Businesses are selling face masks for hundreds of dollars to profit off of the coronavirus and authorities are cracking down

Getty ImagesPeople wear face masks as a precaution against coronavirus in New York, United States on March 3, 2020.
  • Face masks are being sold for hundreds of dollars and New York City has cracked down on predatory pricing.
  • Businesses found to be taking advantage of coronavirus fears by price gouging sanitary items can be fined up to $US500.
  • Online retailers have also taken steps to prevent gouging.
  • Still, healthy people are advised not to be buying facemasks.
  • Visit Business Insider’s homepage for more stories.

Unless you’re sick, you’re not supposed to be buying facemasks (there is a shortage.)

Still, people are stocking up in fear and businesses have been taking advantage of the coronavirus panic by charging worried shoppers hundreds of dollars per box.

In New York City, officials have cracked down on the price gouging and shops can now be fined up to $US500 for trying to make an extra buck off the outbreak.

“Preying on people who are concerned for the health of themselves and their loved ones for a profit will not be tolerated in NYC,” Department of Consumer and Worker Protection Commissioner Lorelei Salas said in a written statement. “As we started to see empty shelves and more stores charging hundreds of dollars, we knew the city had to step in to prevent price gouging.”

Salas said she went into a store last weekend and was charged $US212 for a box of 10 masks “which is astronomical.”

Subway coronavirus new york city face maskNick Zieminski/ReutersA man with a face mask rides the subway in the Queens borough of New York City, February 2, 2020.

Under New York Law, the commission can declare certain items in short supply and prevent stores from excessively increasing prices, require the purchase of a minimum quantity of the item, deny consumers equal opportunity to purchase the item or require consumers to purchase another item to get the item in short supply. DCWP will be inspecting stores and responding to consumer complaints.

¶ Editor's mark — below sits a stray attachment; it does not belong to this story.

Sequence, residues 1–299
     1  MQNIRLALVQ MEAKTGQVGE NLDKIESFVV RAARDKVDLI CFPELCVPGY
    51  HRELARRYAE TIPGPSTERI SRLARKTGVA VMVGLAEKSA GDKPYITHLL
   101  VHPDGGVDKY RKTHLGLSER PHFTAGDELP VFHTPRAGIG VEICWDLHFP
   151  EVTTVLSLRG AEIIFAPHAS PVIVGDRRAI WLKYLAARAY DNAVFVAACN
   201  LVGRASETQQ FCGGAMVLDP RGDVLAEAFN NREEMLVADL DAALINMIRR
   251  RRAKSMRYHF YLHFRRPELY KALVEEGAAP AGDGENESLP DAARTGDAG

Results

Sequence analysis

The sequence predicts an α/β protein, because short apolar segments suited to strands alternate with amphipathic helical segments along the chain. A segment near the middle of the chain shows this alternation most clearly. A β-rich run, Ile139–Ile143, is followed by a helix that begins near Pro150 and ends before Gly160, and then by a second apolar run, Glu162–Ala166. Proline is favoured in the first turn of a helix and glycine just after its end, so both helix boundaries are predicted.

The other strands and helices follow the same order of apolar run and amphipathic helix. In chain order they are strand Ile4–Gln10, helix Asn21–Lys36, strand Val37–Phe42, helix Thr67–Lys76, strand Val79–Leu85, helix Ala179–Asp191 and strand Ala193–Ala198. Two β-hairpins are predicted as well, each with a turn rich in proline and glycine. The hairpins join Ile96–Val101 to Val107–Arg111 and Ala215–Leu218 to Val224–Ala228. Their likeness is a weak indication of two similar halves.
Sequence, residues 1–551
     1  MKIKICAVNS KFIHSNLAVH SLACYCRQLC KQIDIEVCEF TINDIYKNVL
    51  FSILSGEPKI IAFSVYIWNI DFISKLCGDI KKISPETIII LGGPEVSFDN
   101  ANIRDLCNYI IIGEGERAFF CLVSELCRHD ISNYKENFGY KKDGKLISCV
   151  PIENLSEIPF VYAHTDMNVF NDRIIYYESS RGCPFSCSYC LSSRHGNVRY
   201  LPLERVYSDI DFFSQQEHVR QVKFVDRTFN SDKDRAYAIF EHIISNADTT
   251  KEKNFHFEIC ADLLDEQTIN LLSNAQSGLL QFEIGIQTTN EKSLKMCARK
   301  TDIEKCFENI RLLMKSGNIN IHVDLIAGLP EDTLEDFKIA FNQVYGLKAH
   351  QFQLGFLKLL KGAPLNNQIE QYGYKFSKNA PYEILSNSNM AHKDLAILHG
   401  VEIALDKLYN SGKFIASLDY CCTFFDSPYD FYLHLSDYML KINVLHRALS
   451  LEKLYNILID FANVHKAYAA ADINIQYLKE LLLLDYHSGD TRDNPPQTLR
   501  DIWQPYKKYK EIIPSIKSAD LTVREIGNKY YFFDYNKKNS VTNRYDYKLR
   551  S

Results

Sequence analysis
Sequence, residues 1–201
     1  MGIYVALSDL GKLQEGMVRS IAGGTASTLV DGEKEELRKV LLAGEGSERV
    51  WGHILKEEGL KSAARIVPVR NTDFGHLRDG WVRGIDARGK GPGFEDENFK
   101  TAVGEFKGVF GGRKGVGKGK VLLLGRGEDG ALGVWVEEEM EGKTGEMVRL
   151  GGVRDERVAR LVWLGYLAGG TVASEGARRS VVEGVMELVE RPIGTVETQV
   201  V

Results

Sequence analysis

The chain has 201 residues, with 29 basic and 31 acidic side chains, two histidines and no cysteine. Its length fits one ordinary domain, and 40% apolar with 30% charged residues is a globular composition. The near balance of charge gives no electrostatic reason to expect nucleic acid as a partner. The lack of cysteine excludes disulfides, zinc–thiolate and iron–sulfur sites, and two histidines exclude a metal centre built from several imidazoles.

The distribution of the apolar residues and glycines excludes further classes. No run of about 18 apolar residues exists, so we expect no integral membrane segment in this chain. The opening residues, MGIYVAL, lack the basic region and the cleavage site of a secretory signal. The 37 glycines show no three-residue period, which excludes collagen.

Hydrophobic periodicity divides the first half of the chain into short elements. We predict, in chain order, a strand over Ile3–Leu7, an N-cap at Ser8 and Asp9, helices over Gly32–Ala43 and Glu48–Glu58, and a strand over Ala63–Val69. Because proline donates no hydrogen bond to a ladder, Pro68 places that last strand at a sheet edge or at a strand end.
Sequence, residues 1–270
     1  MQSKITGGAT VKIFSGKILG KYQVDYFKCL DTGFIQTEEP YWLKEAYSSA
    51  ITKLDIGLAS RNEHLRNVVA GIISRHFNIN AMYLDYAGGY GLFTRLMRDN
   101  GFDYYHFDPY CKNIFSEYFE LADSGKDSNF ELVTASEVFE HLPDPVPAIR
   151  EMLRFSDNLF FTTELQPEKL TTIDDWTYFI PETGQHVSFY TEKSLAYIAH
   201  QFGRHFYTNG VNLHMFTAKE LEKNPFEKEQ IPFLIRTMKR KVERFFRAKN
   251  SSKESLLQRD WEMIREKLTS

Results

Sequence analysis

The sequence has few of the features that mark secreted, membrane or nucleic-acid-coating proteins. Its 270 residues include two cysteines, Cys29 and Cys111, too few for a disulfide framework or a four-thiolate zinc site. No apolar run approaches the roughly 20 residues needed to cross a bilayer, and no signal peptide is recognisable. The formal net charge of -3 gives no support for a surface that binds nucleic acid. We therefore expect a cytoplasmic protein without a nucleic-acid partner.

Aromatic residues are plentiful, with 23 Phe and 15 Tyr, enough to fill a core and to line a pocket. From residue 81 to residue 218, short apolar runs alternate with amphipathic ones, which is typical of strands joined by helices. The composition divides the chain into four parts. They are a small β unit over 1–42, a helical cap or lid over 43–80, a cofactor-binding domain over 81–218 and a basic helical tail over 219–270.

“While we do not advise healthy New Yorkers wear masks, they do provide a public health benefit in some situations,” said NYC Health Commissioner Dr. Oxiris Barbot. “Price gouging medical supplies is unconscionable and I am pleased that the Department of Consumer and Worker Protection is taking steps to stop it.”

Consumers who are overcharged in New York can file a complaint at or by contacting 311.

In addition to local regulators cracking down on price gouging, online retailers are fighting the same battle.

EBay and Amazon are monitoring their sites for predatory pricing and coronavirus marketing.

At eBay, employees are removing items like face masks and hand sanitizers due to concerns that inflated prices might violate regulations in some states. The company is also using a combination of digital and manual surveillance tools to remove products marketed with the term “coronavirus.”

“Like so many companies, we have been closely monitoring the coronavirus issue as it continues to develop. As always, our first priority is to ensure the safety of our employees and customers around the world,”Ashley Settle, an eBay spokeswoman, told Business Insider. “eBay is taking significant measures to block or quickly remove items on our marketplace that make false health claims. We are making every effort to ensure that anyone who sells on our platform follows local laws and eBay policies.”

Amazon is also removing sellers’ attempts to price gouge.

“There is no place for price gouging on Amazon,” a company spokesman told Business Insider. “We are disappointed that bad actors are attempting to artificially raise prices on basic need products during a global health crisis and, in line with our long-standing policy, have recently blocked or removed tens of thousands of offers.”

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